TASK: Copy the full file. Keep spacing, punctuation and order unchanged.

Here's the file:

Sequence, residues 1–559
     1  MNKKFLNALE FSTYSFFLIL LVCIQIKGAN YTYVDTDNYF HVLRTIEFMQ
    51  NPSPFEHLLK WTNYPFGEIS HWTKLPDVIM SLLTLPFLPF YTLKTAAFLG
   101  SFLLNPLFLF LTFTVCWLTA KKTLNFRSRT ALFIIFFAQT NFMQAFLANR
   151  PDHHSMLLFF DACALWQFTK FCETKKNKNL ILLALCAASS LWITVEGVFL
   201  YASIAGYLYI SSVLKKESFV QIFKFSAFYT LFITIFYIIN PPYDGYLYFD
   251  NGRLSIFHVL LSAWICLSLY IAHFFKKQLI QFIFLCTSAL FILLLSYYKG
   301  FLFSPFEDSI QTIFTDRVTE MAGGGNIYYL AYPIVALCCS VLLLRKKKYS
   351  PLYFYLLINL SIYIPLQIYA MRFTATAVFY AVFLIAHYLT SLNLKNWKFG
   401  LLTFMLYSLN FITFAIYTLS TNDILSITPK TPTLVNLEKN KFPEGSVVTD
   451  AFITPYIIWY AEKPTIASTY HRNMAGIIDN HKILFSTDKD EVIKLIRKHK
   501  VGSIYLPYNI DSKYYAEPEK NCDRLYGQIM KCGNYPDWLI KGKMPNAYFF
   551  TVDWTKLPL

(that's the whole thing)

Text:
Sequence, residues 1–559
     1  MNKKFLNALE FSTYSFFLIL LVCIQIKGAN YTYVDTDNYF HVLRTIEFMQ
    51  NPSPFEHLLK WTNYPFGEIS HWTKLPDVIM SLLTLPFLPF YTLKTAAFLG
   101  SFLLNPLFLF LTFTVCWLTA KKTLNFRSRT ALFIIFFAQT NFMQAFLANR
   151  PDHHSMLLFF DACALWQFTK FCETKKNKNL ILLALCAASS LWITVEGVFL
   201  YASIAGYLYI SSVLKKESFV QIFKFSAFYT LFITIFYIIN PPYDGYLYFD
   251  NGRLSIFHVL LSAWICLSLY IAHFFKKQLI QFIFLCTSAL FILLLSYYKG
   301  FLFSPFEDSI QTIFTDRVTE MAGGGNIYYL AYPIVALCCS VLLLRKKKYS
   351  PLYFYLLINL SIYIPLQIYA MRFTATAVFY AVFLIAHYLT SLNLKNWKFG
   401  LLTFMLYSLN FITFAIYTLS TNDILSITPK TPTLVNLEKN KFPEGSVVTD
   451  AFITPYIIWY AEKPTIASTY HRNMAGIIDN HKILFSTDKD EVIKLIRKHK
   501  VGSIYLPYNI DSKYYAEPEK NCDRLYGQIM KCGNYPDWLI KGKMPNAYFF
   551  TVDWTKLPL